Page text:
Earlier this summer I had the pleasure of spending a couple of days plein air painting down at Sugar Beach in Grayson State Park, in Florida. The painting conditions were perfect; a cool breeze, very few people, the shade of a pavilion and a red wing blackbird singing all day for company.
My Top 9 Plein Air Painting Tips
Here are few helpful hints to consider when choosing a location, a subject and progressing through the painting process.
|Lavender Shadows on Sugar Beach, 9x6, on on oil primed linen|
1. Scout out locations ahead of time if possible. Consider crowds, wind, angle of the sun, shade and the closest bathroom if you plan on painting for very long.
2. Set up in the shade to avoid the glare of the sun on the painting's surface. Think of where the sun is and where it will be in a couple of hours. Look for a spot out of the wind.
3. Think about your physical comfort. Bring extra clothes, standing in the shade for a few hours can get chilly. Gardening gloves with the fingers cut out are great for keeping hands warm. (59 degrees standing still for hours in the shade is cold!) Hats, bug spray, sun screen, etc. (See below for a list of supplies to pack for your comfort)
Click Read More below for the rest of the tips and a packing check list.
4. First lay in the basic shapes of your composition, then capture the light and shadow quickly as that will change fast!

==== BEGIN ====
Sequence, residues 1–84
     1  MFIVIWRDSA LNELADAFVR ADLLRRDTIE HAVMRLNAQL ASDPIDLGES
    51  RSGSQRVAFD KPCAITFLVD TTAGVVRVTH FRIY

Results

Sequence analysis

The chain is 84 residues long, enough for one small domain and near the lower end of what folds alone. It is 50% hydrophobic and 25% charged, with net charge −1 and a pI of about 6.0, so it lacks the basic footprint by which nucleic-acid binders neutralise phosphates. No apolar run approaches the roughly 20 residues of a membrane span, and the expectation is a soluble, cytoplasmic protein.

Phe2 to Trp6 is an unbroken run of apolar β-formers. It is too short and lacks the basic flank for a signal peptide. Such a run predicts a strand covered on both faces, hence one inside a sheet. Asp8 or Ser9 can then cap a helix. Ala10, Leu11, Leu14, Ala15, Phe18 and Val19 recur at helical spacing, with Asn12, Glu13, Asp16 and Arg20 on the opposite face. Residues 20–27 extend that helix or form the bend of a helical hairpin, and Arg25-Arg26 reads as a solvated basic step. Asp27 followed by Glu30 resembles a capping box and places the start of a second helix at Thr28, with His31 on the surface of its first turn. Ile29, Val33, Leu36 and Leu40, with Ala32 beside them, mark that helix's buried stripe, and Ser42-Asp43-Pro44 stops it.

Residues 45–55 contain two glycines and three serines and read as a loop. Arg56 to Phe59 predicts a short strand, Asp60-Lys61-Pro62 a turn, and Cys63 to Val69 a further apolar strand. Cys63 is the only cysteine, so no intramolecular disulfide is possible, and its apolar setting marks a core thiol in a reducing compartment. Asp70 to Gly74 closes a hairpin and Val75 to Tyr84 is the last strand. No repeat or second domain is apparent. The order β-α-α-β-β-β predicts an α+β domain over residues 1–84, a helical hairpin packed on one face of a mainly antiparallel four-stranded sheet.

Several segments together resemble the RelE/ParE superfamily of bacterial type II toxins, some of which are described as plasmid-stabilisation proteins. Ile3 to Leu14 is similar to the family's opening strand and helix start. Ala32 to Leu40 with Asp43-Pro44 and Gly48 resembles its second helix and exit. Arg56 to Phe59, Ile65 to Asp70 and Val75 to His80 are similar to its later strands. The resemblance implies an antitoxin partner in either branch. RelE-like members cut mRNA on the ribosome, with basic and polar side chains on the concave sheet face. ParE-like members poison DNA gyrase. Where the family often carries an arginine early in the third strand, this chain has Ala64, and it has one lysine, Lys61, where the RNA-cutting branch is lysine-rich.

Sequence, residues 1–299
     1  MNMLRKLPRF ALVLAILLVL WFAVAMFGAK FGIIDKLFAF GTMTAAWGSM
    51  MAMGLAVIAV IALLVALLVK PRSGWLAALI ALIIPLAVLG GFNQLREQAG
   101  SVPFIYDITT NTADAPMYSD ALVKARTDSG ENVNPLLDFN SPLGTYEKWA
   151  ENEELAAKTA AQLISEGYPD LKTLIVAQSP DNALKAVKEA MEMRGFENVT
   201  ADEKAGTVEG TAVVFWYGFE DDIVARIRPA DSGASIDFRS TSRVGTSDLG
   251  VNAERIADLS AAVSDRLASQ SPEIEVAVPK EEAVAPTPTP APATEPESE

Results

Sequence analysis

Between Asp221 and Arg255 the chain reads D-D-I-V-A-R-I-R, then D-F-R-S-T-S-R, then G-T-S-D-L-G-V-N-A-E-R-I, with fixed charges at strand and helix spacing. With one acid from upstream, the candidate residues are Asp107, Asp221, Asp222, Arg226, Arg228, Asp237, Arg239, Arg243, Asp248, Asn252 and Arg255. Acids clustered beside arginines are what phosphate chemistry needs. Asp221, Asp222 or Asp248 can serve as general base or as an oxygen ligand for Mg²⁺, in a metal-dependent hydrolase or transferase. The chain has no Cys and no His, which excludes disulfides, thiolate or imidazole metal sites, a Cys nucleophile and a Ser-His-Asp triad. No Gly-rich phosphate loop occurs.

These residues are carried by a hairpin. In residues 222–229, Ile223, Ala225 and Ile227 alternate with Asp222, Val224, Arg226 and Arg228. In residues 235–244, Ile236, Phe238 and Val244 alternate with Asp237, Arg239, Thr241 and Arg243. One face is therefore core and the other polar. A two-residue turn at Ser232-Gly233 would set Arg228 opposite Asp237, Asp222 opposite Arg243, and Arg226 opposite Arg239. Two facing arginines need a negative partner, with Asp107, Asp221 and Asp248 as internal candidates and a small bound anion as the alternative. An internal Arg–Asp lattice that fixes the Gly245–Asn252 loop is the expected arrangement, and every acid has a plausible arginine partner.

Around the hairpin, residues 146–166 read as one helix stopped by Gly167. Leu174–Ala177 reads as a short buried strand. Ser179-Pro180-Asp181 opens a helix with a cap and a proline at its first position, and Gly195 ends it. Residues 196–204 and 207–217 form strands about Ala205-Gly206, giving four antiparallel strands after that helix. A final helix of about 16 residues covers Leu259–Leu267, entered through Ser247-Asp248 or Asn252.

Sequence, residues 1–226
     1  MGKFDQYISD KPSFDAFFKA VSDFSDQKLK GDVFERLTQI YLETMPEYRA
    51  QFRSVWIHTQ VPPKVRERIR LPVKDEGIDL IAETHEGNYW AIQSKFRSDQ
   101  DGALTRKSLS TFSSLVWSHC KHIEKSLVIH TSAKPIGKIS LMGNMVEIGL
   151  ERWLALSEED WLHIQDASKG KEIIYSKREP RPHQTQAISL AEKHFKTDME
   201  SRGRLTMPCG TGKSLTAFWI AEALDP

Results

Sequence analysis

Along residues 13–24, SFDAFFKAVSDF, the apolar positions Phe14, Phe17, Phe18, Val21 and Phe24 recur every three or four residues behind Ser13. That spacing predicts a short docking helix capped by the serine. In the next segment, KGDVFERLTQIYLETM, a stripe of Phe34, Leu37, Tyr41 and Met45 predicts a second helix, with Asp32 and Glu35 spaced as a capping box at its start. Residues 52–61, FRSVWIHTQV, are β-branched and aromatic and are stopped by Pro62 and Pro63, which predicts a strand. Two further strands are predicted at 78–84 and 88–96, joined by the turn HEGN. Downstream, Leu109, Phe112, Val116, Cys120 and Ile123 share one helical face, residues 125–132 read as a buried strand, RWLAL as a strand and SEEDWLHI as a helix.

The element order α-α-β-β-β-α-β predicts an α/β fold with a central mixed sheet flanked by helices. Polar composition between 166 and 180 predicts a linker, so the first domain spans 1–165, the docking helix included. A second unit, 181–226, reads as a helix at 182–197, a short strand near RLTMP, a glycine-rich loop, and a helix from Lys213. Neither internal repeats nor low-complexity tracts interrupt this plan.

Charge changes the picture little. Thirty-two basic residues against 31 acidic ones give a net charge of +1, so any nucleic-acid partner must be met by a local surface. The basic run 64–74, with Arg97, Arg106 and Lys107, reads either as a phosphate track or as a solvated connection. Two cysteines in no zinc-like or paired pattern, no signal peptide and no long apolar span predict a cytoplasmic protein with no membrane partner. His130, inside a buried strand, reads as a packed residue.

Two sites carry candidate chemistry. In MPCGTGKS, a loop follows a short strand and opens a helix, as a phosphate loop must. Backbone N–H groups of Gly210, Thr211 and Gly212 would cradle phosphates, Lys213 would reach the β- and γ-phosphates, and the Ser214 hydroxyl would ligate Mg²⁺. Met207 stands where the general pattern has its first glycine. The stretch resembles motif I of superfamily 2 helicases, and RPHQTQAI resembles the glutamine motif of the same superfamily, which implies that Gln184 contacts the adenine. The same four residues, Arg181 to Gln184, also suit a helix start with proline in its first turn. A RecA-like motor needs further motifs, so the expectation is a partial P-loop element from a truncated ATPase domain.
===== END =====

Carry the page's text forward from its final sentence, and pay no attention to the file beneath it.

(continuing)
|Sugar Beach Fence, 9x12, oil on panel|
5. Avoid chasing the light in your painting. Try to stick with you original impression even as the sun moves across the sky. Work on a single painting for no more than about two hours.
6. Look for contrast when choosing your composition, it’s easy to get bogged down in too much green. Look around 360 degrees, sometimes the most interesting view is right behind you. Remember the basic rules of composition.
|Sugar Beach Marsh, 9x12, oil on panel|
7. Wear dark colors that won't reflect in the wet painting causing a glare.
|Sugar Beach Dune, 9x6, oil on oil primed linen|
8. Wear headphones to keep down the interruptions from passersby. (they don’t even have to be plugged in :) If spectators are too distracting for you, consider setting up with your back to a wall or shrubs.
9. Take less stuff if you are going to be hiking to a site far away from your parked car.
Plein Air Painting- What to Take- Check List
Things to take for painting:
backpack to put everything in
French easel or pochade box
canvases or panels, (lightly toned with a neutral gray or burnt umber.)
wet canvas carrier, (here's my post about a homemade carrier.)
pencil or charcoal
small sketch book
plastic garbage bag for trash
camera with extra batteries
carabiner spring snap clips, (to attach your camera bag/backpack to the easel to act as a weight in windy conditions.)
mirror, (to check your drawing)
blue painter tape
Things to take for your comfort:
layers of light jackets/sweater
fold up stool, folding beach chair, or lawn chair if you like to sit
bottles of water and a snack or bag lunch
wear comfortable shoes
toilet paper or tissue
flip-flops to put on after a long day on your feet
ponytail holder (if you have long hair)
|The palette tells an interesting story of color mixing.|
|See Dan's posts about how he builds my shadow box frames.|
Here are all four paintings in the beautiful frames, custom made by my husband Dan, hanging in our bathroom. I can hear that red wing black bird singing now.
You might find these other plein air painting posts interesting.